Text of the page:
CHARLOTTE, NC, December 2, 2014 – Somewhere near Tucson a national treasure sits abandoned amid the whispering sands and blistering sun of the Arizona desert.
Like Grisabella, the glamour cat in the Broadway musical Cats, Columbine II has become a forlorn relic of a bygone day that should not be forgotten.
Columbine II was actually the first Air Force One. Its inaugural flight with that official designation took place when Dwight D. Eisenhower was president of the United States.
For that reason alone, Columbine II should be preserved as an icon of American history. Instead it rests on the burning desert floor of a southern Arizona air field that is part of Marana Regional Airport. With no hangar to shelter Columbine II from the vicious rays of the sun, the plane is gradually eroding both inside and out.
In its glory days, Columbine II featured marble floors. Today, however, it is a forgotten, decaying, desolate metal shell with a once glorious past that sits fading into history due to neglect.
The Lockheed VC-121 Constellation 48-610 was not the first presidential aircraft, but it was the first to fly under the banner of “Air Force One.”
The name “Air Force One” resulted from an incident in 1953 when President Eisenhower was flying aboard what was then known as Air Force 8610. An Eastern Airlines commercial plane with the same flight number, 8610, accidentally entered Columbine II’s airspace, nearly resulting in a midair collision.
Air Force One soon became the official name of the presidential aircraft. The original moniker, Columbine II, came from the state flower of Colorado in honor of Mamie Eisenhower’s home state.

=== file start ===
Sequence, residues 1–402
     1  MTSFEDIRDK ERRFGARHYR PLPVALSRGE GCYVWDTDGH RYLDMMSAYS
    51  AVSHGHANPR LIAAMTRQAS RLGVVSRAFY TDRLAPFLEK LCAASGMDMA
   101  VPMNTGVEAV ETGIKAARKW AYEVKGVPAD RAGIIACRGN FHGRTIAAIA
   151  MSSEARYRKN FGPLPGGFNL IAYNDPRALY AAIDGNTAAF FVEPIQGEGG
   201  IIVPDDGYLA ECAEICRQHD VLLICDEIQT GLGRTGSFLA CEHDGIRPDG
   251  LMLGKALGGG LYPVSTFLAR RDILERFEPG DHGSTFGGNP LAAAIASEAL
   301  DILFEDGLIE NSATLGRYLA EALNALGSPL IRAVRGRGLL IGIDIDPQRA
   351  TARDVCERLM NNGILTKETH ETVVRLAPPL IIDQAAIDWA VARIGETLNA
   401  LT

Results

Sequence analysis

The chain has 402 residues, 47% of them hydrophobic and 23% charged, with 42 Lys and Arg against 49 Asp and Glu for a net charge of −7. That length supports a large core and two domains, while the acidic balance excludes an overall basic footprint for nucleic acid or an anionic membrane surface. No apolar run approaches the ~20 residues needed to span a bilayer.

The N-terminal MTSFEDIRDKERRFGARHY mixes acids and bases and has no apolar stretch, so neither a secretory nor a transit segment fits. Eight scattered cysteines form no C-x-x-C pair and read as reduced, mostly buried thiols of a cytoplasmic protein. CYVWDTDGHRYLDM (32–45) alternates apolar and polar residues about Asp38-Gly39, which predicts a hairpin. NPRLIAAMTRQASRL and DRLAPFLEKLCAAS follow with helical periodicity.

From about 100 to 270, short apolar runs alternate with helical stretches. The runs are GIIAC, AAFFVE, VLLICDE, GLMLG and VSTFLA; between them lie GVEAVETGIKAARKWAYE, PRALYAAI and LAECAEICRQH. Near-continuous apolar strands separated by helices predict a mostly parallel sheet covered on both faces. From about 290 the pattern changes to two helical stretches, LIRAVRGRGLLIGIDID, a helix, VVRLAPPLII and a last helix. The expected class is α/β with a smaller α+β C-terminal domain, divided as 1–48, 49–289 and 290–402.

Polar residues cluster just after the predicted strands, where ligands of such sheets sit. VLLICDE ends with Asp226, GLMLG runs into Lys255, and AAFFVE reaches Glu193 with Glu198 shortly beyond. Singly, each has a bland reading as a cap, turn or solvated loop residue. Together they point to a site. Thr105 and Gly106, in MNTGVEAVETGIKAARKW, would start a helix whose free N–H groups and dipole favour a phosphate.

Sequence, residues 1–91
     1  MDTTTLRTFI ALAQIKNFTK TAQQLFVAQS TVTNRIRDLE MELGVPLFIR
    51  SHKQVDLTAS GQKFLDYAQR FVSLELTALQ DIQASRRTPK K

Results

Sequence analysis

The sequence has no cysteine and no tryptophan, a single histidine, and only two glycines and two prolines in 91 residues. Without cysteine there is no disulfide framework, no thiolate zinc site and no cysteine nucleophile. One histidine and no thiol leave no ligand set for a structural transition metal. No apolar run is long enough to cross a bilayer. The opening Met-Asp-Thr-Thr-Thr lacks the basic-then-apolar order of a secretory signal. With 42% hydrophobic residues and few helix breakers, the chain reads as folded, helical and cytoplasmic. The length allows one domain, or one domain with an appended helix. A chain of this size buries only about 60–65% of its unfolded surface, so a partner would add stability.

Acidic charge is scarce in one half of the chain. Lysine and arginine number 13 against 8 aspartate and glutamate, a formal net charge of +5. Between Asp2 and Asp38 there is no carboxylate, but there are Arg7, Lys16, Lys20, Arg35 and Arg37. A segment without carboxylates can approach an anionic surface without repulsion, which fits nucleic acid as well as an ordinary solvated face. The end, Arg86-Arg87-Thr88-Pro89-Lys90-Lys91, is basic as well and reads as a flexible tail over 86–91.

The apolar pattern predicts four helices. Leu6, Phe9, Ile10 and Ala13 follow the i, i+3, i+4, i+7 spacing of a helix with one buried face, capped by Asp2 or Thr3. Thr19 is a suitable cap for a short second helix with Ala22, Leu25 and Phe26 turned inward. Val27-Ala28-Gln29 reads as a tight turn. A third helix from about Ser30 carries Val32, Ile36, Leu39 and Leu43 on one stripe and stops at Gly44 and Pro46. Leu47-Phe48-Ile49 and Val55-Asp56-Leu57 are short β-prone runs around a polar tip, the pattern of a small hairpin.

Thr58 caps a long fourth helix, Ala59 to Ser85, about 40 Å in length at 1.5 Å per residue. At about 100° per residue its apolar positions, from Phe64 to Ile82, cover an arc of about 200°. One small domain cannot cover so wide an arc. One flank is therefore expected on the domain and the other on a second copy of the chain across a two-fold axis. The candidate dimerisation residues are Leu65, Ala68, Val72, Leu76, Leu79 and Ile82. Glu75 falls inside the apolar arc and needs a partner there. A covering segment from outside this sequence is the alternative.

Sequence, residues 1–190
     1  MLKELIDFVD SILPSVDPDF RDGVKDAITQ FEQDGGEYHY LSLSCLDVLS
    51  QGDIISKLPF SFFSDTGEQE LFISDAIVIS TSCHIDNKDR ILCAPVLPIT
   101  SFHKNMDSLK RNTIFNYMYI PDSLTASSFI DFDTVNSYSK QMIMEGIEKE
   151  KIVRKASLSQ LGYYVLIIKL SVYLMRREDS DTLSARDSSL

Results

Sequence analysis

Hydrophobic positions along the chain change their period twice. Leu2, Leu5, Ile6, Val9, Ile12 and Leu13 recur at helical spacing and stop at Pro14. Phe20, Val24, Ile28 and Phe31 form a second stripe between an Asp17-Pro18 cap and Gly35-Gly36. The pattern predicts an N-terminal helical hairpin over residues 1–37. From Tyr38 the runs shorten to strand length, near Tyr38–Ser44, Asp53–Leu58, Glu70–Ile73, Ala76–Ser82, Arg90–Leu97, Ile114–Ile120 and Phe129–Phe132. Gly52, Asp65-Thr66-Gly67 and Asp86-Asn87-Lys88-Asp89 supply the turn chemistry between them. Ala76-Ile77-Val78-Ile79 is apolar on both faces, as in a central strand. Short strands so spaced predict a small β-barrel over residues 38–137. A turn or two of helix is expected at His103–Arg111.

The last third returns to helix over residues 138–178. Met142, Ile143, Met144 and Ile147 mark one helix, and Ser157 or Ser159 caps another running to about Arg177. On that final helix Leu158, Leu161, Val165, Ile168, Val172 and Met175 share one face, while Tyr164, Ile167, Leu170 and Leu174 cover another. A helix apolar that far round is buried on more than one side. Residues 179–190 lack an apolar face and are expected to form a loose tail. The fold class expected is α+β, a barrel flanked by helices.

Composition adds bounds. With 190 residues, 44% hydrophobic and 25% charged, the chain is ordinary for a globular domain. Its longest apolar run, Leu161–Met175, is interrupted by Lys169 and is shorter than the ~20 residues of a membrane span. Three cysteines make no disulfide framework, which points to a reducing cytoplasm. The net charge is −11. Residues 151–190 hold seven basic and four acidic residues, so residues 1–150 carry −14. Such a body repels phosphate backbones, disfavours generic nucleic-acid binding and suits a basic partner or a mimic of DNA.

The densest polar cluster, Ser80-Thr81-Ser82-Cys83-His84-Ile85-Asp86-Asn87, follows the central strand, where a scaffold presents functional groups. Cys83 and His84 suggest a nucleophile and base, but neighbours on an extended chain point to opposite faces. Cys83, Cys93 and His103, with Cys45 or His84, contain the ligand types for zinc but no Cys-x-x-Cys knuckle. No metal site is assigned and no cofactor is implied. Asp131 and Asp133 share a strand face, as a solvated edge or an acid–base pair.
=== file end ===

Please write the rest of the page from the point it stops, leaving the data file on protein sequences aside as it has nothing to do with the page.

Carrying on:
Despite its notoriety however, the first Air Force One is a well kept secret known only to a small number of people. And so it sits, old, decrepit and decomposing in the blazing harshness of the Arizona sun.
Columbine II had a short-lived lifespan as the president’s plane, being replaced to become the backup aircraft in 1954.
But the history of the original Air Force One continued when it served another brief period as a civilian carrier for Pan American. Like Barack Obama, President Eisenhower was an avid golfer, and the plane carried him for the last time on Oct. 25, 1959 from Augusta, Ga., home of The Masters golf tournament, to Washington, D.C.
Until 1968 Columbine II was a VIP transport plane at Washington National Airport and Andrews Air Force Base before it was retired and flown to Davis-Monthan Air Force Base. There it was fitted with mismatched landing gear, stripped of its identity and began its gradual decline into oblivion.
Air Force One the first was sold in a surplus auction in 1970 to Mel Christler of Christler Flying Service. It was intended to suffer the indignity of becoming an aerial spray plane but the landing gear problem prevented that from happening.
Christler was unaware of the plane’s history for nearly a decade. It was not until 1980 when Robert Mikesh, a curator at the Smithsonian Institution, contacted him that Christler knew what he had purchased.
Following a $150,000 restoration in 1990, the first Air Force One made a rousing comeback when it was reintroduced to the public at the Eisenhower Centennial celebration in Abilene, Kan.
Later the plane made several air show appearances before it was parked in Roswell and Santa Fe, N.M. until 1998.
Several attempts have been made to sell the original Air Force One at auction without success. And so today, an important piece of American history sits idly in Arizona gradually fading into the desert sands.
The plane is now owned by Christler’s business partner, Harry Oliver of Santa Fe.
It is estimated that the cost to refurbish Air Force One to its former glory would be about $200,000 and take approximately a month. A mere pittance by today’s standards.
A round of golf by the sitting president costs more than that given the security and the entourage that must accompany him during his appointed round.
The current caretaker is a contractor name Timothy Coons who continues to seek out a museum that is willing to take the plane and restore it.
Perhaps one day the first Air Force One, like old Grisabella, will be preserved so that it, too, can finds its way to the “Heavyside Layer” and the appropriate glory it deserves.
Bob Taylor has been traveling the world for more than 30 years as a writer and award winning television producer focusing on international events, people and cultures around the globe.
Taylor is founder of The Magellan Travel Club (www.MagellanTravelClub.com)
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